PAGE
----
Sure. Arthur, on the acquisition pace, as Rob described, I would say the pipeline has continued to expand and our view is -- it is sustainable. If you look back over two, three years, maybe three or four years, you'll see that it's been building and that's been a process of expanding the pipeline and as Rob described, really focusing on building out our clusters and so we just see a lot of depth there. It's a very targeted approach in the markets that we're in today that we want to expand upon but also targeting some new markets. So, we're making progress there. I think we see it as sort of a sustained effort to try to push toward a pace of approaching 10% of enterprise value each year and obviously it may ebb and flow a little bit from there, but you're seeing a close level or close to that level last year certainly driving toward that this year and that's our plan going forward.

On the occupancy, Kris, you want to?

Kris Douglas -- Executive Vice President & Chief Financial Officer

Yes. On occupancy and absorption, it really plays into what we've seen is relates to delays in build-out, which is -- which has increased over the last year and that's tied to extended permitting times as well as some delays in construction due to materials and such. But that's not a permanent issue. We view that as temporary and it does appear to be leveling out and hopefully, will start to reverse. But the underlying demand for space including tours that we're seeing remained strong and positive. So, as we look out into the future into late this year moving into next year, we have optimism on absorption in overall occupancy.

Arthur Porto -- Analyst

Great. Thanks, guys.

Operator

Our next question comes from Nick Joseph with Citi. Please go ahead.

Nick Joseph -- Citi -- Analyst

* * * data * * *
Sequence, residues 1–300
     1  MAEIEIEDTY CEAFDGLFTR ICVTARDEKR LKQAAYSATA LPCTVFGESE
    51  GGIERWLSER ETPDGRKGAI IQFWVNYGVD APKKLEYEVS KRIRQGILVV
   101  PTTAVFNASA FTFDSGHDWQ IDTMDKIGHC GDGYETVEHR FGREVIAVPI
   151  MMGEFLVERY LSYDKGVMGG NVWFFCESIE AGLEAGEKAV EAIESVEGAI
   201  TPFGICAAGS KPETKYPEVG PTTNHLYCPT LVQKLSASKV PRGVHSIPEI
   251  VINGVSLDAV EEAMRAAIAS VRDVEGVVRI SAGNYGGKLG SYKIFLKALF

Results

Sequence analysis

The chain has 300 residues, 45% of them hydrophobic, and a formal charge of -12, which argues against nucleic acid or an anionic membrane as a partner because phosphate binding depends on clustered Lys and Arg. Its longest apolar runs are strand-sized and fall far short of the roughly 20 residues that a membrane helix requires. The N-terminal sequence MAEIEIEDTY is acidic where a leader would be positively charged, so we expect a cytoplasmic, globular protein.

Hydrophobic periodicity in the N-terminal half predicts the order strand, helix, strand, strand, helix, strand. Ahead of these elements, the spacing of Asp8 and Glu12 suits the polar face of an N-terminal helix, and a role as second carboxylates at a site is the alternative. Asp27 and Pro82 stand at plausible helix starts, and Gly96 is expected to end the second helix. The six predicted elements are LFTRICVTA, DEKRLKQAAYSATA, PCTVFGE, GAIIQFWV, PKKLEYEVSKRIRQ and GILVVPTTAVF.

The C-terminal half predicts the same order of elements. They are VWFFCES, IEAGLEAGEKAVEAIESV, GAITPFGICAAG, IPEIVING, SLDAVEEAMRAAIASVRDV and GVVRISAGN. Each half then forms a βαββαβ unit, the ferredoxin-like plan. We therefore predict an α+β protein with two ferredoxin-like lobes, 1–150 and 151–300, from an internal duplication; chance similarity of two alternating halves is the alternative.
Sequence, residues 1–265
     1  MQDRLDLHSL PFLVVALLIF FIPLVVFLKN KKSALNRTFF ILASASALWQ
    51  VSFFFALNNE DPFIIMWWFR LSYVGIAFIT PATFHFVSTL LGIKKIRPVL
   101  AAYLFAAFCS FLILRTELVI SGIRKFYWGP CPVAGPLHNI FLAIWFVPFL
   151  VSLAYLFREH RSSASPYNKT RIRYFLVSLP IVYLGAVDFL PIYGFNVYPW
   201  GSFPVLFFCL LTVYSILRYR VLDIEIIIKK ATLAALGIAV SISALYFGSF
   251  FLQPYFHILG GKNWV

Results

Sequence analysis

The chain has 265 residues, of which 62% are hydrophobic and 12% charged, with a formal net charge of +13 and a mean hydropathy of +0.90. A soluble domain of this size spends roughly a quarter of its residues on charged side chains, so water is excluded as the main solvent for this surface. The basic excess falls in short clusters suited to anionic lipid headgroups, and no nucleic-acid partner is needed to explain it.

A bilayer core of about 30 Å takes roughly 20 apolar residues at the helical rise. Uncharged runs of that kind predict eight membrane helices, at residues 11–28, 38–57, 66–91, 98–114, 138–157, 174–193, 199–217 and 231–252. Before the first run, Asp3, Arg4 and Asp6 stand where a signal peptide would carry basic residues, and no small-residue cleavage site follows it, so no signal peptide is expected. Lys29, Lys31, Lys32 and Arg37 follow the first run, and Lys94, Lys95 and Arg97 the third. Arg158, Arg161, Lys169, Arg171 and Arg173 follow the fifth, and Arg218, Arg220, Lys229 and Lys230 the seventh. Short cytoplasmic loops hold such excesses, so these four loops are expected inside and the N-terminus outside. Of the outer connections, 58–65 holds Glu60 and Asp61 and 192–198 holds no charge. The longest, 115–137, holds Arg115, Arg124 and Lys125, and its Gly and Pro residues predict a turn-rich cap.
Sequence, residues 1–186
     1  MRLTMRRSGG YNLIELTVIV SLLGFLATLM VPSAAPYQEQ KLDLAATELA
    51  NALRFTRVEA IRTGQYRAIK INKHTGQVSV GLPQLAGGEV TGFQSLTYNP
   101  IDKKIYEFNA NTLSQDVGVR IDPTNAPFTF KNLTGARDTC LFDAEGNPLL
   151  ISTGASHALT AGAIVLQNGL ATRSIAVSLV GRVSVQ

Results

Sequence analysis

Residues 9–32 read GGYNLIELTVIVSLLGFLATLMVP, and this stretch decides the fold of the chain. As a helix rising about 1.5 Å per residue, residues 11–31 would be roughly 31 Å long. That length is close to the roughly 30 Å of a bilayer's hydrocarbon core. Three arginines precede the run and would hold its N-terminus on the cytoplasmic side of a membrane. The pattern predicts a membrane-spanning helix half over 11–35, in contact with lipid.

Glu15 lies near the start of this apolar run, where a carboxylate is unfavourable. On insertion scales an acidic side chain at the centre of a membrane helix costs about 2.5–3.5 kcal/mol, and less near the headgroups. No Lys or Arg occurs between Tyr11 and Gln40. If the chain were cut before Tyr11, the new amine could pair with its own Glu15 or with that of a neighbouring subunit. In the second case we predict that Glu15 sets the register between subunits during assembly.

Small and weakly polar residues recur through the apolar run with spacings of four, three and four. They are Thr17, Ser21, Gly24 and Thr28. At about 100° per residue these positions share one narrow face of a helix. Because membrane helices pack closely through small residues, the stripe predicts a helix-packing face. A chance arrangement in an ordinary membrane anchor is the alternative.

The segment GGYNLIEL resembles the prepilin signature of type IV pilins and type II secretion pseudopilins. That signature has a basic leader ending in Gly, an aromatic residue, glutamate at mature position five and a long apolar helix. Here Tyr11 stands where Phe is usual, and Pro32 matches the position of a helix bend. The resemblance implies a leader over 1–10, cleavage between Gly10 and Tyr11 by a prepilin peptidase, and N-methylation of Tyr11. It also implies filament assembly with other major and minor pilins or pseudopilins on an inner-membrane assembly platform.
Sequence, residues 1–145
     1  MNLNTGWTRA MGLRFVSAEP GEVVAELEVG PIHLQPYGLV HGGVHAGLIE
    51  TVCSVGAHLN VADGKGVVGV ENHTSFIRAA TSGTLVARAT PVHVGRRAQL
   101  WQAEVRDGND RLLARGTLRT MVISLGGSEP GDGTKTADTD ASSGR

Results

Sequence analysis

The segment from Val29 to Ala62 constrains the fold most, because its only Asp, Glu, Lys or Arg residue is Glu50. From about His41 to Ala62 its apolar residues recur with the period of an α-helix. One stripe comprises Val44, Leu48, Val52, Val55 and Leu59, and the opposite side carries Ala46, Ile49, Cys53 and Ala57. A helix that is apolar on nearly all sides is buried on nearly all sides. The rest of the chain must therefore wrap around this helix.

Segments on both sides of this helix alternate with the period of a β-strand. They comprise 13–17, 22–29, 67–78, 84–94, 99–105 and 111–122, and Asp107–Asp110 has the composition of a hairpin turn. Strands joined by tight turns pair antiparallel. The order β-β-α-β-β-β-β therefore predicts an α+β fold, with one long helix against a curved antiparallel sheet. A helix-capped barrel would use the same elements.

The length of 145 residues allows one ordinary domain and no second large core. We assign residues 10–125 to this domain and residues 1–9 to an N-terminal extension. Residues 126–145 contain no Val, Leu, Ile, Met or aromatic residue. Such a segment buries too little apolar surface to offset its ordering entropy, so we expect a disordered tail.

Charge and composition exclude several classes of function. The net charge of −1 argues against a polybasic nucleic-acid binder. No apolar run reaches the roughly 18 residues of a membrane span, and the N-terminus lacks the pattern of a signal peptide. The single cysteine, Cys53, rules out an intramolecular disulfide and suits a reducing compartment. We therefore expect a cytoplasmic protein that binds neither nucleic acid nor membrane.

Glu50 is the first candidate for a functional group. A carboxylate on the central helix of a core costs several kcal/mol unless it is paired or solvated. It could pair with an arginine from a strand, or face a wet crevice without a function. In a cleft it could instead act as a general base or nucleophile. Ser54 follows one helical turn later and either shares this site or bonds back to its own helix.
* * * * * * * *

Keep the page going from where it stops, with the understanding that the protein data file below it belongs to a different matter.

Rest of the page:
Thanks. You guys touched on the current portfolio premiums that you're seeing in the market, but as you look at different opportunities and I'm sure you look at everything, obviously, accretion is important. What are the key strategic considerations you consider when you're thinking about some of these larger portfolios that have been on the market?

Todd Meredith -- Chief Executive Officer

Yes, thanks. I mean clearly, the focus, whether it's an individual asset or it's a smaller portfolio or a much larger portfolio and there is all of that available today. It's very market-driven, obviously, we're very focused and disciplined about pricing. But strategically, we're very focused on how does this work with our portfolio, are these the markets we're in, and can expand our strategy and our clusters or is it more new markets that we want to be in. Obviously, not every portfolio can be perfect, but you saw several years ago, a jump on the matters and [Phonetic] only portfolio in Atlanta. That was a market that we really wanted to get into, and they had really high-quality properties. So it made sense for us and we were a bit more aggressive there.

So it's very market-driven and then the next layer being the character -- the relationship with the health systems, the -- whether they're market leading, strong health systems and then obviously, the strengths of the assets themselves.

Nick Joseph -- Citi -- Analyst

Thanks. That's helpful. And then, if you think about -- kind of the current company and current enterprise value, how do you think about the ability to scale, if you were to get larger and kind of what are the kind of considerations there [indecipherable] cost of capital or anything else. Just given your current size versus kind of the negatives or the positives of growing?

Todd Meredith -- Chief Executive Officer